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3 And waginge sens I was your man,

I
passe my

bounds I feare
To yeilde my maister other fruet,

than simple soile doth bear.

This argues but my greate good will, ,

as farre as duetie goes :
Or may be cald for chaunge of spetch,

a foile that vertue shoes,

4 Of him whose natuer from the Nurs,

hath bin so noblie bent:
That with his life both staetly courte,

and country stands content.

And sayth that heer we have to few,

or noen like him at all:
In sondry pointes of honour suer,

that we most noble call.

Then follows a chasm, of what length is uncertain.

5 If enuye barke at well wonne faem,

it calls mens acts to minde:
And still reuieus the lamp with oyle,

that els would waest with wind.

If world but wist, what good doth ries,

throw enuies deepe disdaine :
With bieting words it would not seeke,

mans credite to distaine,

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6 Who clipps renowme, is lieke a foole,

that faine would robb the Sunne: Or one that spoms and kieks at Faen,

that worthies well haue wunne.

Twear better striue to win like lawds

by blotles life in deede :
Than shaek the head or bend the brow,
at uerses that

you

reed.

7 Of others prayse, but God be thankt,

the hatefull are so weake:
(And uoyde of stregth) the happy needs

not caer what babblars speake.

The learned hath a mortall foe,

of him that knothing knoes :
The floure is malliest by a weede,

that for no purpose groes.
8 Well: whear that noble nature dwells,

and parfait honour is :
Thear vertue harbreth in the hart,

and rests the God of blis.
Take wel in worth my Nueyeares gift,

for whiells your vertues liue :
And I maye write, I minde like verse,

to you or yours to giue.

Finis q goodwill.

This is all in black letter, and forms two fly leaves to Neville “ de furoribus Norfolciensium Ketto duce.” In the possession of the Rev. Mr. White, of Lichfield.

THE

THE DUCHESS OF SUFFOLK.

THE following curious old Ballad has never appeared in any collection, and seems well worthy of being preserved. It was originally printed in the reign of Queen Elizabeth.

“ THE MOST RARE AND EXCELLENT HisTORY OF THE DUCHESS OF SUFFOLK, AND HER HUSBAND, RICHARD BERTIE'S CALA

MITIES.

To the tune of “Queen Dido.”

I.

When God had taken, for our sin,

That prudent Prince King Edward away,
Then bloody Bonner did begin

His raging malice to bewray;
All those that did God's word profess,
He persecuted more or less.

II.

Thus while the LORD on us did low'r,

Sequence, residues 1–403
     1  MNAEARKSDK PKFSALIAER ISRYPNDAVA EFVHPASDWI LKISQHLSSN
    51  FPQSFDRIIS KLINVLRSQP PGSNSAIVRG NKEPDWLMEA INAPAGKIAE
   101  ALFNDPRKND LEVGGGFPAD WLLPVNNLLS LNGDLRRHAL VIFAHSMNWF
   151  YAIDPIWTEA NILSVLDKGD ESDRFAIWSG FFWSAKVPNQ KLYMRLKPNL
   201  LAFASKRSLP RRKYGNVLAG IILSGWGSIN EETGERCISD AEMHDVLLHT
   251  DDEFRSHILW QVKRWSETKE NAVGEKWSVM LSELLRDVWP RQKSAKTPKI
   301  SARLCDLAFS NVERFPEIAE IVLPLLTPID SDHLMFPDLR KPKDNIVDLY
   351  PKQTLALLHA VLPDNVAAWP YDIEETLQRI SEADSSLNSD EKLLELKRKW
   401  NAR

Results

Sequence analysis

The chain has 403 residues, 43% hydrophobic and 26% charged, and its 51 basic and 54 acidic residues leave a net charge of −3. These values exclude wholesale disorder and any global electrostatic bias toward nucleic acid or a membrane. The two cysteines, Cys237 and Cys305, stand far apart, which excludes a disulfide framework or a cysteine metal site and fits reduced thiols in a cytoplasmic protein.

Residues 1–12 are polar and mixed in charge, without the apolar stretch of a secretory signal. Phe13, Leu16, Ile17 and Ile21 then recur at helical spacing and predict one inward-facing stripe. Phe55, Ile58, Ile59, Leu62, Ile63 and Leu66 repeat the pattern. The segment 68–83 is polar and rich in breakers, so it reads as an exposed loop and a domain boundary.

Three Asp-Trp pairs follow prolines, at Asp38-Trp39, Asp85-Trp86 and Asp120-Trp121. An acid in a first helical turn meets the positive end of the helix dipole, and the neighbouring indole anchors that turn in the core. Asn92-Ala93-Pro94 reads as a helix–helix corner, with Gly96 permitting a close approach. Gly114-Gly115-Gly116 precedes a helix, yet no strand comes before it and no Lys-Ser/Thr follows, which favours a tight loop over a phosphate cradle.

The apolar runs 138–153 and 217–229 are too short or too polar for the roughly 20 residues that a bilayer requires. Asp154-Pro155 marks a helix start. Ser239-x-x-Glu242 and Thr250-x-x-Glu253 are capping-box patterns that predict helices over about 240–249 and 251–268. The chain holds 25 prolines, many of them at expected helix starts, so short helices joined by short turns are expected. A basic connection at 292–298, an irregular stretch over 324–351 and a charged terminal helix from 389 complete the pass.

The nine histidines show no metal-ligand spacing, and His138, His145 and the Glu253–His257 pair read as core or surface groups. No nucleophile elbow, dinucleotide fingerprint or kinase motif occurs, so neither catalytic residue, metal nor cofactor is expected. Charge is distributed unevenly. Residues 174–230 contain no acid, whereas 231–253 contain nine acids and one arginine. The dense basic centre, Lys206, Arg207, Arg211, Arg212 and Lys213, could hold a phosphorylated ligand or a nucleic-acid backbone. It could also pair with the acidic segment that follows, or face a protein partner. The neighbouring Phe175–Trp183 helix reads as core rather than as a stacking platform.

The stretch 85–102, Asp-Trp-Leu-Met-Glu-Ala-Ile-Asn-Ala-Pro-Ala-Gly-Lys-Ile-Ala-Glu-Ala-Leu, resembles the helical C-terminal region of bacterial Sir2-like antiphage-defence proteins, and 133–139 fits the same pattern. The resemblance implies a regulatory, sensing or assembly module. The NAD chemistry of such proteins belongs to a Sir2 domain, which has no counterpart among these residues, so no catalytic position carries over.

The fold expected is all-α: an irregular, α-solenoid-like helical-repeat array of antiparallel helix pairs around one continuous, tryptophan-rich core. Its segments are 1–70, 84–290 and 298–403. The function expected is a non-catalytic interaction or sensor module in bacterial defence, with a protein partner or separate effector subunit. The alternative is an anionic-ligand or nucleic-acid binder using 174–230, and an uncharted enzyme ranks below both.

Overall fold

Many in prison he did throw,
Tormenting them in Lollards' Tower,

Whereby they might the truth forego,
Then Cranmer, Ridley, and the rest,
Were burning in the fire, that Christ profess'd.

if 4

111. Smithfield The word and truth so rare to find : She with her husband, nurse, and child, In

III.

Smithfield was then with faggots fill’d,

And many places more beside;
At Coventry was Saunders kill'd,

At Worcester eke good Hooper died;
And to escape this bloody day,
Beyond-sea many fled away.

IV.

Among the rest that sought relief,

And for their faith in danger stood,
Lady Elizabeth was chief,

King Henry's daughter of Royal Blood;
Who in the Tower did prisoner lie,
Looking each day when she should die.

V.

The Dutchess of Suffolk seeing this,

Whose life likewise the Tyrant sought,
Who in the hopes of heavenly bliss,

Within God's word her comfort wrought;
For fear of death was forc'd to fly,
And leave her house most secretly.

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That for the love of God alone,

Her land and goods she left behind;
Seeking still that precious stone,

poor array their sighs beguild.

yil. Thus

VII.

Thus thro' London they pass'd along,

Each one did take a several street; Aud all along escaping wrong,

At Billingsgate they all did meet: Like people poor, in Gravesend barge, They simply went with all their charge.

VIII.

And all along from Gravesend town,

With journey short, on foot they went;
Unto the sea-coast came they down,
To

pass the seas was their intent;
And God provided so that day,
That they took ship, and sail'd away.

IX.

And with a prosp'rous gale of wind

In Flanders they did safe arrive;
This was to them great ease of mind,

And from their hearts much woe did drive;
And so, with thanks to God on high,
They took their way to Germany, .

X.

Thus as they travel'd still disguis'd,

Upon the highway suddenly,
By cruel thieves they were surpris’d,

Assaulting their small company;
And all their treasure, aud their store,
They took away, and beat them sore.

XI. The

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